Benzodiazepine withdrawal and effects on behavior and spirituality

 

Withdrawal symptoms from benzos can and most probably will appear when you try to stop taking doses suddenly or take less of your usual amount/dosage. Stopping benzos abruptly IS NOT RECOMMENDED if you have been on benzo therapy for more than a month of daily dosing. But, withdrawal symptoms occur even in individuals who have only been on the medication for several weeks.

 

During benzodiazepine withdrawal, the disinhibited GABA receptor sites have become less sensitive, so the brain experiences a state of generalized excitement. This state of the brain is manifested by feelings of anger, losing control, violent behavior, vivid and disturbing dreams.  Other potential behavioral and spiritual side effects include:

 

chronic cognitive impairments

lack of emotional responses

loss of control of one’s behavior

emotional anesthesia

impaired consciousness

personality shifts

suicidal ideation

verbal hostility and assault

 

So, what can you do when these symptoms manifest?

 

  1. Seek qualified professional and peer help

 

Talk with a doctor who is experienced in benzodiazepine withdrawal. Seek a referral to doctors through pharmacies, hospitals, or local medical clinics. Be picky, because MDs with little to no experience can do more harm than good. Also, join the forum on this site. Getting qualified information is incredibly valuable and may be worth more than your time or money.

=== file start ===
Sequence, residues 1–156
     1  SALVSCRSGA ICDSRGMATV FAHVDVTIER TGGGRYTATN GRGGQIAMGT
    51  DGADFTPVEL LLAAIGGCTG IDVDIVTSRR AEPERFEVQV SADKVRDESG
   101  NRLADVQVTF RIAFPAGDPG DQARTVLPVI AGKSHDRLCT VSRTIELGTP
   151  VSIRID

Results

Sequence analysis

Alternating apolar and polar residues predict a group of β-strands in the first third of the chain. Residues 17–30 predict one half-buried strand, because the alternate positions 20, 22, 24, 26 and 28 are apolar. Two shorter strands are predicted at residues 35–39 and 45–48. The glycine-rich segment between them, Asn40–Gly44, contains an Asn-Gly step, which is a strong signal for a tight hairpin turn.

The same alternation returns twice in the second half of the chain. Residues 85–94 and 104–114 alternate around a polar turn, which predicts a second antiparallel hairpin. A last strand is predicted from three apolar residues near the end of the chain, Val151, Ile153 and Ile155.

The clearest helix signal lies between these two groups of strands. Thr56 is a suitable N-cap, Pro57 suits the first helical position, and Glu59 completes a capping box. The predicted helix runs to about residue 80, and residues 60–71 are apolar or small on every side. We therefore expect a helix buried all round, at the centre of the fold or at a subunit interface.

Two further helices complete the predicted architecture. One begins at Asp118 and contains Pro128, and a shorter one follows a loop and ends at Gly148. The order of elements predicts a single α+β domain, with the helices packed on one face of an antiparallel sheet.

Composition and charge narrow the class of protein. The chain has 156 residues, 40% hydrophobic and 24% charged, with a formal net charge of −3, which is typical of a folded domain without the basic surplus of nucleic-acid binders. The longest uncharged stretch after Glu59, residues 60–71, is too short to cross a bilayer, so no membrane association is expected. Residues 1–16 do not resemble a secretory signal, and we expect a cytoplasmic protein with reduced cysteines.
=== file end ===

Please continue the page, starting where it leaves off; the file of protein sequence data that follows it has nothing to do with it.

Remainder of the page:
1. Talk it out.

 

Talk with a trusted person who is close to you. Speak with a close friend, family member, or even a therapist. Word of mouth, from trusted sources, is the best referral if you would like to seek regular psychotherapy. Call a hotline like 1-800-273 TALK any time of day or night. Whatever behavioral disinhibition presents itself in the moment, know that it will pass and that seeking help can result in a shift.

 

  1. Seek inspiration online.

 

Read and seek more information about benzo withdrawal support. You can gain knowledge and feel less alone in reading about other people’s journeys. Try multiple websites and actively seek tips. This can help you feel a sense of progress, even if you feel stuck.

 

Benzo behavioral and spiritual side effects questions

 

Are you or a loved one faced with mental and physical health issues due to prolonged and high-dose use of benzodiazepine medication? Benzos are responsible for a range of psychological, cognitive and emotional problems, which may cause personal, social and professional life to deteriorate. Please post your questions in the comments section below in order to find honest help and advice.

 

Reference Sources: Benzodiazepines and disinhibition: a review
link to: http://citeseerx.ist.psu.edu/viewdoc/download?doi=10.1.1.413.7294&rep=rep1&type=pdf

 

Cell Press: Hooked on benzodiazepines: GABA-A receptor subtypes and addiction
link to:http://chalkboard.pharm.virginia.edu/~mark/mbb/Tan%20et%20al.,%202011.pdf

 

CESAR: Benzodiazepines
link to: http://www.cesar.umd.edu/cesar/drugs/benzos.asp

 

About the author: Ivana Janevska is a writer with a passion for helping people online. When she is not working with Addiction Blog, she enjoys getting out of Skopje, Macedonia to explore the four corners of the world.